The first “IVF baby”, Louise Brown, will be 40 next year. A quarter of a million children have now been born as a result of in vitro fertilisation in Britain. Every baby is precious, and the parents of these children have endured arduous treatment and sometimes great financial sacrifice in order to have a family.

The situation is more complex than it first appears, however. Only a quarter of IVF treatments result in a baby. The odds are better than when IVF was introduced (when it was 15 per cent), but it still means that the vast majority of people who embark on this treatment are being offered false hope that they will be able to have their longed-for child. The irony is that IVF does not diagnose or treat the causes of infertility; it attempts to bypass them. Instead of trying to enable natural processes to work, IVF steamrollers them. Ovulation is first suppressed, then hyperstimulated.

Infertility is a terrible cross for people to bear, and the desire to have a child is completely natural, and understandably sometimes overwhelming. But IVF – alongside many other “reproductive health” techniques – subtly changes the status of the baby from a gift into a commodity. (I was born via donor conception myself – in vivo rather than in vitro – and have struggled to come to terms with this, particularly a sense of loss of identity and being cut off from one of my parents.)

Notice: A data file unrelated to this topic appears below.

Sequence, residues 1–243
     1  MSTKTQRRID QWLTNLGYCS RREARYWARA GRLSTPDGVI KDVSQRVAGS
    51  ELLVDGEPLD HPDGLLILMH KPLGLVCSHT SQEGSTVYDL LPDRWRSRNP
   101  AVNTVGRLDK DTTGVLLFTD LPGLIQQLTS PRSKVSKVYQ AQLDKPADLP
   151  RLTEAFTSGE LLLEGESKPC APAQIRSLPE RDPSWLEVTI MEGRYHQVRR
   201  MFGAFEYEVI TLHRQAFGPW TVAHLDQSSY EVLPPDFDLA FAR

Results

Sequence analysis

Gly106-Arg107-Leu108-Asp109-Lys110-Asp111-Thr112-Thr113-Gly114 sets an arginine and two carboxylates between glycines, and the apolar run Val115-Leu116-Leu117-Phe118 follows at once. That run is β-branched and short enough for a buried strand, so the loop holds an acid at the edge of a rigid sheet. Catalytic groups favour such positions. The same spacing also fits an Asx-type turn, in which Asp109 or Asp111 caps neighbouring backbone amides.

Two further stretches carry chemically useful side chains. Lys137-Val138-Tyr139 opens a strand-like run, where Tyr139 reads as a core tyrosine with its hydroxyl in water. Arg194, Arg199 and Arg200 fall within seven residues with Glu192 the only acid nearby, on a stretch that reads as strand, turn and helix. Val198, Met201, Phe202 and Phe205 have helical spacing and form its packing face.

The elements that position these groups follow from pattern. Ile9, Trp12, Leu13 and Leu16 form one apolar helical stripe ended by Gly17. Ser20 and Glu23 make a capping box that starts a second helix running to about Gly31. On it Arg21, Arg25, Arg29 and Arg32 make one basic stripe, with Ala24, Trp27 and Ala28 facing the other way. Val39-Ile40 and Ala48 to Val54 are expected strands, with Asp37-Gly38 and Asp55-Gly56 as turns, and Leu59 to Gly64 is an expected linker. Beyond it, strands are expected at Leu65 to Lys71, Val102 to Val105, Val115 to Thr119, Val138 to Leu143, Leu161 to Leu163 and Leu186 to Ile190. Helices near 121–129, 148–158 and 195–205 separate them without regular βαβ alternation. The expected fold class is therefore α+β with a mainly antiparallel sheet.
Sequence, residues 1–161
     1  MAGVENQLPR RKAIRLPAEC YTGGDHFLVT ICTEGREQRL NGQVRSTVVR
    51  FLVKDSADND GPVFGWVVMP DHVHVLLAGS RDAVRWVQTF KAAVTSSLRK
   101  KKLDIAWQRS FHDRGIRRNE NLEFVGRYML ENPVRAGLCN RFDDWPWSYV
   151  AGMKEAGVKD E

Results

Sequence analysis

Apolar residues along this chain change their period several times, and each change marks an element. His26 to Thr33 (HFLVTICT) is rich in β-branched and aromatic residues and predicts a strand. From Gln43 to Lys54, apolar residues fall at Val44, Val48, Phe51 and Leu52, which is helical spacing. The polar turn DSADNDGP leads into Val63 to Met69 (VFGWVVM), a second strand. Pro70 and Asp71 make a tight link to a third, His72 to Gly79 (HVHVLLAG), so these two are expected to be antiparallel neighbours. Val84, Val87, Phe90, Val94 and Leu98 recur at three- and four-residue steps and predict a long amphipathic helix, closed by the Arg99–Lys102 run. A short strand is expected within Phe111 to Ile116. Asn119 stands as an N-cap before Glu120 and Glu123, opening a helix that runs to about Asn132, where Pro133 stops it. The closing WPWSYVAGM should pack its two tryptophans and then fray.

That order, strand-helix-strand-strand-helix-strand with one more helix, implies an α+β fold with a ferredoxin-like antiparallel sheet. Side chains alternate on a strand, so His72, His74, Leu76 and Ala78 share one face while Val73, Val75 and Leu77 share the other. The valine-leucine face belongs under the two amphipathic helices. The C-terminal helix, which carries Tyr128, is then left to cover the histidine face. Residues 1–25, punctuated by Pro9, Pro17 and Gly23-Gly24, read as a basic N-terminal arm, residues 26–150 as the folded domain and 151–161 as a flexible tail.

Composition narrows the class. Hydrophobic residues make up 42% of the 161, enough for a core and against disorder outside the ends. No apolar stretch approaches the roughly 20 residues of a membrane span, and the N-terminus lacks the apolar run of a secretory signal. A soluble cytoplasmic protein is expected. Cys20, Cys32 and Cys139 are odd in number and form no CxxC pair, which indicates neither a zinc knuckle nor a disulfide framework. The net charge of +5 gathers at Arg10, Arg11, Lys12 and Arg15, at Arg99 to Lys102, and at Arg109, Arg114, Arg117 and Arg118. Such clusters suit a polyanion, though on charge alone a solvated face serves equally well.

When NHS treatment is not available, would-be parents are persuaded to pay thousands of pounds for the chance of a baby. But the technique does not just produce one baby: the explicit aim of the process is to produce multiple embryos, and choose the “best” one to transfer to the womb.

Aldous Huxley’s Brave New World was prophetic. IVF intentionally produces multiple tiny human beings, then selects the one which appears “the best” and gives him or her a chance of life. Not only that, but certain countries allow gender selection via IVF, and also genetic screening – not just for serious illness but also for disorders of which the potential parents may simply be carriers.

What happens to the embryos who do not get implanted? Their parents have three choices. They can be frozen for up to five years, then they have to be either destroyed, donated anonymously to another woman or given to medical research. So in order to have a child, intended parents have to give up their children. In order to heal the pain of infertility, a very high price is demanded.

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